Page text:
In sum, a steady theme ran through the FISA and PATRIOT Act debates — the same debates we are having now. It is this: When the nation is at war, it is for the executive branch to calibrate the tension between liberty and security. Quite apart from their lack of expertise in intelligence matters, courts are not accountable to the people whose lives are at stake. Were they to draw lines too favorable to the enemy, we would have no recourse — something that is intolerable . . . when the nation is at war.
But not when it is not. And this week, we learned conclusively that we no longer perceive ourselves as a nation at war.
The NSA is in hot water again, but it is not doing anything different from what it was doing in the Bush years — under the authorities Republicans and conservatives won in the bruising battles over reauthorizing the PATRIOT Act and overhauling FISA. It is still collecting telephone-usage records (“metadata”) on millions of Americans (though not the content of their conversations). It is broadly targeting the communications of non-Americans outside the United States for surveillance — though some domestic American communications may inadvertently be picked up because the surveillance involves vacuuming up traffic as it zooms across U.S.-based servers.
There are significant judicial and legislative checks written into the relevant PATRIOT Act and FISA statutes to shield Americans from further government prying — the government’s acquisition of your data does not mean your data are being scrutinized. But belaboring these safeguards would miss the point. The brute fact is that public support for even the trivial degree of prying we now know about is cratering. Americans simply do not trust a government that has proved itself untrustworthy to refrain from abusing the system.
There are two reasons for this. First, by lopsided margins, Americans supported broad executive discretion in carrying out PATRIOT Act and FISA powers because we believed doing so was a wartime necessity. President Obama has now told us the war is over. After paying some lip service to the importance of the NSA programs, our reluctant commander-in-chief has mostly been AWOL as the debate rages. But that’s not the half of it. By summarily pronouncing the end of the war, he undermines the rationale for tolerating the programs in the first place.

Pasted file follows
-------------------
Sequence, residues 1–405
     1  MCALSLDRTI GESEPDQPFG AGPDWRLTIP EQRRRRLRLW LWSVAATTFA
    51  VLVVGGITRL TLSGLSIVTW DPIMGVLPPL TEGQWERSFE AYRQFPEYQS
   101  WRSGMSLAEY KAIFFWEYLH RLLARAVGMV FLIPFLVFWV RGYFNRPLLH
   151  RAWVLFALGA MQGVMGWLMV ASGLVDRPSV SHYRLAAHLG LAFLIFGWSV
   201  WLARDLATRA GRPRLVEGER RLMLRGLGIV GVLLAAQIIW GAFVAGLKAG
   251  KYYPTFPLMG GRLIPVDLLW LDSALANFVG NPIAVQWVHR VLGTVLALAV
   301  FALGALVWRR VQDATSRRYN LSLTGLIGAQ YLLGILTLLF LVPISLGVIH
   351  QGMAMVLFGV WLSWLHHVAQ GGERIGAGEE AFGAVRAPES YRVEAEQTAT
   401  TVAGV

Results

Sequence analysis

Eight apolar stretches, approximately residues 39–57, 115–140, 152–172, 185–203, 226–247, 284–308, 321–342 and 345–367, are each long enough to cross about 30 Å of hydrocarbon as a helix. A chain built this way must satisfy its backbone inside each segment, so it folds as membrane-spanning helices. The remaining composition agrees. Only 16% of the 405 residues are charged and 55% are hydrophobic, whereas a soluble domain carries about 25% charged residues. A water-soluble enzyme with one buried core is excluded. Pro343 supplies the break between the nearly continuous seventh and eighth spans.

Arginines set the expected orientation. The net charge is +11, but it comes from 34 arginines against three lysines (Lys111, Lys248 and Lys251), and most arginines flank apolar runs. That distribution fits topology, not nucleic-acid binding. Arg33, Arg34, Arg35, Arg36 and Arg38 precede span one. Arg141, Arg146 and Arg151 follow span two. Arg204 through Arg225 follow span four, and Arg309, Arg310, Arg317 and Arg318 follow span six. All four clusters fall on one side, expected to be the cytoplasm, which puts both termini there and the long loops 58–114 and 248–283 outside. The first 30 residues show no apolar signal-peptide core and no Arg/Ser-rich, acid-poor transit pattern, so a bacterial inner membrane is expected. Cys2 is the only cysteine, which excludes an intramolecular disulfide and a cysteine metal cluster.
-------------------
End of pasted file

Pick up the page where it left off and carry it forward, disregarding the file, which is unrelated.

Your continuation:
It might conceivably be possible for a national-security Right to overcome that obstacle. After all, the enemy is still fighting — hard. Militant jihadists are still trying to commit mass murder. A couple of them did just that in Boston only two months ago. But that brings us to reason No. 2, that dog whose bark has gone silent.
There is no longer a dominant national-security Right. As many of us within the old national-security Right warned, it was a gargantuan error to link national security with the promotion of “Islamic democracy.” That initiative is now understandably seen as the empowerment of anti-American Islamists — it has degraded our security, and the credibility of its champions has duly suffered. Beyond that, Obama’s serial abuses of executive power, culminating (so far) in the IRS scandal, have raised the stock of libertarians, very much at the expense of security hawks.
Think about how dramatically things have changed in just two months. After the April 15 Boston Marathon bombing, many on the right were outraged when the surviving jihadist was whisked into civilian court right after capture. Notwithstanding that he is an American citizen and that the case for categorizing him as an enemy combatant is thin (to say the least), there was clamor for the executive branch to detain him as a war prisoner. Yet today, June 15, after a torrent of Obama abuses of power, some of the same conservative voices now demand that wartime national-security programs be dismantled and that the courts assume active management of foreign intelligence gathering.
To stem this tide would require a spirited defense of executive power. With the national-security Right collapsing into an anti-Obama Right, that dog won’t bark. Thus, the American war effort is at an end — just as the president told us he wanted it to be three weeks ago. By suddenly renouncing executive war power, Obama’s most dogged opponents have ironically helped him achieve one of his top objectives.
Here is the thing, though: Even if we’re done with the jihad, it is not done with us — not by a long shot. Therefore, it is no less delusional to forfeit the national-security arsenal essential for waging the war than it was for Obama to forfeit the war itself. I fear learning that lesson will prove very painful.